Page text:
Over the weekend, the Carolina Hurricanes accelerated a process that was bound to take place over the offseason, at the very latest.
They parted ways with forward Ryan Dzingel.
Brought in to be a complementary top-nine scorer, Dzingel had a particular role in mind. Early on, he fit in that role and produced well enough to justify his $3.375 million price tag. Alongside Eric Haula and then-rookie Martin Necas, he was very dangerous out of the gate, producing to the tune of four goals and 15 points in his first 22 games with the club.
His production fell off precipitously, though, to the point that he managed just four assists and nary a single goal in his final 23 games of the 2019-20 regular season.
Entering his second season with the team, the hope was that he would find his footing again and return to being a quality offensive player, but obviously, that didn’t happen.
The Canes finally bit the bullet and cut him loose on Saturday night in a deal that sent him back to the team that got him in the league, the Ottawa Senators. In return, the Sens sent Carolina forwards Cedric Paquette, who made his Hurricanes debut on Monday night, and Alex Galchenyuk. Galchenyuk was promptly put on waivers, sent to the AHL, and then traded to Toronto.
So, that’ll do it for the Dzingel era in Carolina, and it was one that certainly didn’t deliver on the promise it once had. Though, to be honest, it was a relatively surprising signing when it happened. The way he played in Ottawa and Columbus didn’t seem like a good fit whatsoever. He didn’t appear to be a guy that Rod Brind’Amour would love throwing out there in multiple roles.
“Dzingel was a good player for us; it just wasn’t the right fit as far as finding him the right role,” Brind’Amour said of the trade after their win in Dallas on Saturday. “It just didn’t quite work out. Nothing against him. I thought when we did have him in the right role, he was fine; it just wasn’t going to work out that way.”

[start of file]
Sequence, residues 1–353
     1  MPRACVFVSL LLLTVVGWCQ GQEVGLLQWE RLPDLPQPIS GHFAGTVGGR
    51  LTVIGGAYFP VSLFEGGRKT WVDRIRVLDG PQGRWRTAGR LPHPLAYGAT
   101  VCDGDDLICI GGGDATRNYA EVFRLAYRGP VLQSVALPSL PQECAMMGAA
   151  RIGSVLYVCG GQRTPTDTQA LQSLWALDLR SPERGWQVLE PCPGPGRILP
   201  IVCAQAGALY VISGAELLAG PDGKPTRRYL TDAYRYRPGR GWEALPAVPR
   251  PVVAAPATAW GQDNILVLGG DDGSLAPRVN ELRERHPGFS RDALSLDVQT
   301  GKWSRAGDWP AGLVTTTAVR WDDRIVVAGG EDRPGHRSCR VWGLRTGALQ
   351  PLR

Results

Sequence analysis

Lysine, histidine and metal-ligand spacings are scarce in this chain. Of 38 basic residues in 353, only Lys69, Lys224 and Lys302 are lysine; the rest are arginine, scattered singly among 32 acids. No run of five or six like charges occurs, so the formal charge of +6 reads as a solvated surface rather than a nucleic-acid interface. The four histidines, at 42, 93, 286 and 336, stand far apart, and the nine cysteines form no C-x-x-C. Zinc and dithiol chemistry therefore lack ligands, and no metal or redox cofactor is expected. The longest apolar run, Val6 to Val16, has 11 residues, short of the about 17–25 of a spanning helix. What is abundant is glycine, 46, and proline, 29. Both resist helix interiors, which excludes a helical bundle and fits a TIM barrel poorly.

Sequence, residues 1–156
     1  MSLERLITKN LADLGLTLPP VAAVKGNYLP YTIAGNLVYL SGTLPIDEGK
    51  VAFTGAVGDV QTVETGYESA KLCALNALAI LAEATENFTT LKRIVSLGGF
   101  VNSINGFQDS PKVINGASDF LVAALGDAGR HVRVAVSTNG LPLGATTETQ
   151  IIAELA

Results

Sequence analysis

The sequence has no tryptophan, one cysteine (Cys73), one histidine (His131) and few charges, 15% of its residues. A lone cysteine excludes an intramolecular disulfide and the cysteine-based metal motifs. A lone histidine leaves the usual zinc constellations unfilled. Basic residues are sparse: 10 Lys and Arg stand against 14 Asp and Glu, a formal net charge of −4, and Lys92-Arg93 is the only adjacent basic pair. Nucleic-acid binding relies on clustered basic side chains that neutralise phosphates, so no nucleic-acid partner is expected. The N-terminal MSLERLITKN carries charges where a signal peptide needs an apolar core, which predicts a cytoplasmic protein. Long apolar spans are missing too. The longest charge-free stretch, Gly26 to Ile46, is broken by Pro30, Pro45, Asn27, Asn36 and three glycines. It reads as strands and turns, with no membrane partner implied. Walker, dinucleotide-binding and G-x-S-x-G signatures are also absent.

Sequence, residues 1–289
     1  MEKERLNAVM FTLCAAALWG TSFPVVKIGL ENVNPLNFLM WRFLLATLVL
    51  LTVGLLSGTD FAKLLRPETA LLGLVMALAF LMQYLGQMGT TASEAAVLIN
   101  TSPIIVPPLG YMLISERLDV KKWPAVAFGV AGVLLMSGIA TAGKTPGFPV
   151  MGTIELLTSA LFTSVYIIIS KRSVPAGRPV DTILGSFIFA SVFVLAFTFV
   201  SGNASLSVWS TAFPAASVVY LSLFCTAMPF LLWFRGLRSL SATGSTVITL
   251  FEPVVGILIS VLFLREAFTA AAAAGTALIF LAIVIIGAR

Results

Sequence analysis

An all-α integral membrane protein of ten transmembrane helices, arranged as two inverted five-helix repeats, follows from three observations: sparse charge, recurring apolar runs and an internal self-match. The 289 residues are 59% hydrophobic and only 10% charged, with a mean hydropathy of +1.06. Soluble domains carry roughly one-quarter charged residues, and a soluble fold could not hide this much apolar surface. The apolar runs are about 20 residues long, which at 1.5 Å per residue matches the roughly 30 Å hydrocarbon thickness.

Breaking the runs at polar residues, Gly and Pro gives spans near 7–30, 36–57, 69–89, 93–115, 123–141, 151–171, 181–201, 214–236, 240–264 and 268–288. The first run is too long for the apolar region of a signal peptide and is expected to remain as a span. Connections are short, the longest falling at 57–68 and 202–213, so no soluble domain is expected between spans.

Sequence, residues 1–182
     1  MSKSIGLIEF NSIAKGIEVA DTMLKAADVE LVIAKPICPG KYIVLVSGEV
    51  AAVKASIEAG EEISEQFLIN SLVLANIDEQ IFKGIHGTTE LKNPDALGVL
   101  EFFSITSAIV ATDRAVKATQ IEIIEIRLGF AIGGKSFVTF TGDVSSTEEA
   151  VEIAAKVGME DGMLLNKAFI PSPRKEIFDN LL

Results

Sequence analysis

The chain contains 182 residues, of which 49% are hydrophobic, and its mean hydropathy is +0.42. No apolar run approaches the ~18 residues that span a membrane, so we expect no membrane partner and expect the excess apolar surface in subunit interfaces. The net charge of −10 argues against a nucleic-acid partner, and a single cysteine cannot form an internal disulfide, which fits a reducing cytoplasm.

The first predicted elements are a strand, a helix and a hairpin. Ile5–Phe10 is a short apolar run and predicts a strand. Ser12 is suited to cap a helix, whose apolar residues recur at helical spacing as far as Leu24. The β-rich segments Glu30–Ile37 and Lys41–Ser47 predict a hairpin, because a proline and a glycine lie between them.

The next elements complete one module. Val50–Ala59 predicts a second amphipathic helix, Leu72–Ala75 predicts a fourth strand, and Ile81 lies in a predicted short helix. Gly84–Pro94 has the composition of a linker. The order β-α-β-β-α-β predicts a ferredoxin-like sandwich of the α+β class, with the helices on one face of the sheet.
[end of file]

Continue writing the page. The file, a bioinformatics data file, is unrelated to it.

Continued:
The Hurricanes now get a player in Paquette who can serve a specific role and not hurt the team doing it. The trade is a fresh start for pretty much everyone involved, all while creating more of that coveted cap space. For those reasons, the Canes made out pretty well with the trade.
Through 13 games, the Hurricanes are 10-3-0, and their leading goal-scorers are... Brock McGinn and Nino Niederreiter with seven apiece.
You could have certainly made more of a case for Niederreiter being a top scorer before the season, even if it would have taken some belief in him turning it around in a fairly significant way (which he has), but McGinn?... Brock McGinn?...
After his two-goal evening against the Blue Jackets, McGinn has seven on the season. A vast majority of them have come with him on the top forward line alongside Sebastian Aho and Andrei Svechnikov or Teuvo Teravainen.
While he is on quite a hot streak right now, it’s not just his finishing ability that is contributing to the Hurricanes' strong start. He’s just playing well. The Canes are absolutely lethal offensive when he is on the ice, and while that likely has more to do with his linemates, he is doing more than just keeping up with the more skilled guys. He retrieves pucks, maintains offensive zone possession, pushes the puck up the ice in transition, and places himself in goal-scoring areas. He isn’t playing a complicated game, and he shouldn’t be.
In 13 games this season, McGinn has tied his total goal output from 63 games last season. At this rate, I like his odds to get another one or two or ten.
While we’re on the topic of unexpected high scorers, what the hell is going on with Jordan Staal?
Since returning from his stint on the COVID protocol list, Staal has been otherworldly. He casually scored two more goals last night to raise his season total to six - just one goal off of the team-lead. Over his last 10 games, Staal has six goals and 14 points.
I’ve long joked that if Jordan Staal had any touch in the offensive zone, he would be the best player in the universe. And... well, yeah, kinda.
He has always been a dominant defensive player, an unshakable possession driver, and an almost unparalleled scoring chance producer at 5-on-5. Still, his inability to make fine plays in front of the net to actually capitalize on those chances has made the difference between him being an elite top-six center and an elite third-line center.
The thing he lacked for so long is now present, and it makes him a totally different animal, but if you ask Brind’Amour, nothing has changed with him. He’s just doing the same things he’s done for almost ten years in a Hurricanes uniform. And there’s nothing wrong with that sentiment. Staal is literally doing the same things that he has always done, but there is one pretty significant difference.
He scores now.
Surely, his league-high 35.3% shooting percentage will stay there forever, and his 110.8 PDO won’t regress at all, right? Right?... RIGHT?!?!